Uses: The leaves of the Rose Bay Willow herb have been used as a substitute andadulterant of Tea. Though no longer so employed in England, the leaves of both this species and of the Great Hairy Willow-herb (E. hirsutum, Linn.) are largely used in Russia, under the name of Kaporie Tea. Green (Universal Herbal, 1832) reports: 'The young shoots are said to be eatable, although an infusion of the plant produces a stupifying effect.
'The pith when dried is boiled, and becoming sweet, is by a proper process made into ale, and this into vinegar, by the Kamtschatdales; it is also added to the Cow Parsnip, to enrich the spirit that is prepared from that plant.
'As fodder, goats are said to be extremely fond of it and cows and sheep to eat it.
'The down of the seeds, mixed with cotton or fur, has been manufactured into stockings, etc.' The young shoots are boiled and eaten like asparagus.
The ale made from the plant in Kamchatka is rendered still more intoxicating with a toadstool, the Fly Agaric, Agaricus muscarius.
Medicinal Action and Uses: The roots and leaves have demulcent, tonic and astringent properties and are used in domestic medicine in decoction, infusion and cataplasm, as astringents.
Used much in America as an intestinal astringent.
The plant contains mucilage and tannin.
The dose of the herb is 30 to 60 grains. It has been recommended for its antispasmodic properties in the treatment of whoopingcough, hiccough and asthma.
In ointment, it has been used locally as a remedy for infantile cutaneous affections.
By some modern botanists, this species is now assigned to a separate genus and designated: Chamcenerion angustifolium (Scop.).
WILLOW-HERB, GREAT HAIRY Codlins and Cream
(Epilobium hirsutum LINN.)
Click on graphic for larger image Botanical Name: Epilobium hirsutum (LINN.)
Family: N.O. Onagrariaceae
Synonyms: Son-before-the-Father. Codlings and Cream. Apple Pie. Cherry Pie. Gooseberry Pie. Sod Apple and Plum Pudding.
Part Used: Herb.
The Great Hairy Willowherb, though it has not so conspicuous a flower as the Rose Bay, is yet a striking plant, growing in great masses by pond sides, along the margins of lakes and rivers and in marshes and pools.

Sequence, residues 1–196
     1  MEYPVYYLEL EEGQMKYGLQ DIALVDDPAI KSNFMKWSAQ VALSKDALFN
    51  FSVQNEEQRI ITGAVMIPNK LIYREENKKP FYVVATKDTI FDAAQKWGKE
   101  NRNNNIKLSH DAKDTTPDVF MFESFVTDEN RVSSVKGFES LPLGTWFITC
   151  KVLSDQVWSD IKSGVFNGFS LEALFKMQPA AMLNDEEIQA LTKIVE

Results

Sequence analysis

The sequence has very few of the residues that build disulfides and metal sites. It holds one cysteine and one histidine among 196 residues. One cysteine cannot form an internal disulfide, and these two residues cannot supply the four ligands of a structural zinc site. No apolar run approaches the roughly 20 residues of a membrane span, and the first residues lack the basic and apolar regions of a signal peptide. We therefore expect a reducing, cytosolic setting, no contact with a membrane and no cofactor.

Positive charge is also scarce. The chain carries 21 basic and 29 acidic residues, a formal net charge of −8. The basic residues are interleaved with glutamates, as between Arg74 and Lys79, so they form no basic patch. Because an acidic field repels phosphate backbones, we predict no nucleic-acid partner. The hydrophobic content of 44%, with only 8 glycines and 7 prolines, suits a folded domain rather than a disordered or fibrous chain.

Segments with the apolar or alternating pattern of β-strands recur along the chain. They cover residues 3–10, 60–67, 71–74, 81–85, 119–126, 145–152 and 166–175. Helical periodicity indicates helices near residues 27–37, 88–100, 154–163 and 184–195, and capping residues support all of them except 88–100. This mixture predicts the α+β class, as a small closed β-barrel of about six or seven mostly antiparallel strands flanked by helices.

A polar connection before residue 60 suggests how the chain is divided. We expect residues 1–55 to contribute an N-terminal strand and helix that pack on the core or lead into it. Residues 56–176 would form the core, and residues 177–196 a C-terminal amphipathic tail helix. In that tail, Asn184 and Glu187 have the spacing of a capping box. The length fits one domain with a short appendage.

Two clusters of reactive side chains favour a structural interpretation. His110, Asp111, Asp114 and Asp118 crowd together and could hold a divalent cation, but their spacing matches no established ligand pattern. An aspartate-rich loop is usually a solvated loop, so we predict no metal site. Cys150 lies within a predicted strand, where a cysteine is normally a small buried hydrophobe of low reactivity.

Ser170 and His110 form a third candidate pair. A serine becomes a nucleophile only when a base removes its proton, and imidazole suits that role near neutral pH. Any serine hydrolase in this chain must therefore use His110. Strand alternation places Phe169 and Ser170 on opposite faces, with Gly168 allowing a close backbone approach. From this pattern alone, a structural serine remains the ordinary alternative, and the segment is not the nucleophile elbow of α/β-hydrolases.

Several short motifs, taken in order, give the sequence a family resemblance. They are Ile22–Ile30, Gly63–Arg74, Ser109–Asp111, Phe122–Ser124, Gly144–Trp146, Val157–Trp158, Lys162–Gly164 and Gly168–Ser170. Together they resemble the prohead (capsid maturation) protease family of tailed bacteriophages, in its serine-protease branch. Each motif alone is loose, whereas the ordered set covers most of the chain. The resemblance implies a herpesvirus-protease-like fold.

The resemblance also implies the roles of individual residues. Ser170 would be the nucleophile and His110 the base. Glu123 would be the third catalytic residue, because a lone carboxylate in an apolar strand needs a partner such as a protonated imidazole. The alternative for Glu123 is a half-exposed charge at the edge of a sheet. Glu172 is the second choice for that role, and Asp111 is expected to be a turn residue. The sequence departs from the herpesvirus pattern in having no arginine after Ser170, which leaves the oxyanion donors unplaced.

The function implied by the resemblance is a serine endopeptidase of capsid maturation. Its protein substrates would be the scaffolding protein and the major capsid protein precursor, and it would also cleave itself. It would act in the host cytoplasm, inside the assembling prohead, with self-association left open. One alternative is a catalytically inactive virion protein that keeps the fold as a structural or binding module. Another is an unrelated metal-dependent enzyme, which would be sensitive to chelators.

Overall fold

It is tall and erect, branched, with underground creeping shoots, like the Rose Bay. The leaves are placed opposite one another on the stem, are 3 to 5 inches long, their bases clasping the stem and like it, very woolly, hence the specific Latin name hirsutum, and the common English name.
The flowers are numerous and large, rose purple, though not so brilliant as those of theRose Bay, bell-shaped and partly drooping, the petals broad and notched.
In this species, stigmas and anthers ripen together and the plant is capable of selfpollination, but cross-pollination is ensured by insect visitors by the more prominent position of the stigmas. Insect visitors are, however, not very numerous, and in their absence the stigmas curl back and touch the anthers. (In another smaller species, Epilobium parviflorum (Schreb.) rarely visited by insects, four stamens are shorter, four longer than the style; the former are only useful for cross-pollination, the latter selfpollinate the flower. Stamens and stigma ripen simultaneously.)
The seeds, contained in similar long pods, are provided as in the Rose Bay, with a tuft of hairs which aid in wind dispersal.
The leaves, and particularly the topshoots, when slightly bruised, have a delicate, cool fragrance, resembling scalded codlings, whence its popular name of Codlings and Cream, but this fragrance is very soon lost after the plant is gathered. It is also called, in allusion to this delicate scent, Apple Pie, Cherry Pie, Gooseberry Pie, Sod Apple and Plum Pudding. It is said to be the 'St. Anthony's Herb' of antiquity.
The old English country name of 'Son-before-the-Father' arises because, as Lyte says: 'the long huskes in which the seede is contained doe come forth and waxe great before that the flouere openeth.'
The name 'Hooded Willow-herb' does not refer to one of these species, but is another name for the Scullcap (Scutellaria), and the 'Purple Willow-herb' is also not this species, but another name for Lythrum Salicaria, the Purple Loosestrife, a plant that is often present in the same riverside situations.
Although the leaves of E. hirsutum have also been used as astringents there are reports of violent poisoning with epileptic-like convulsions having been caused by its employment.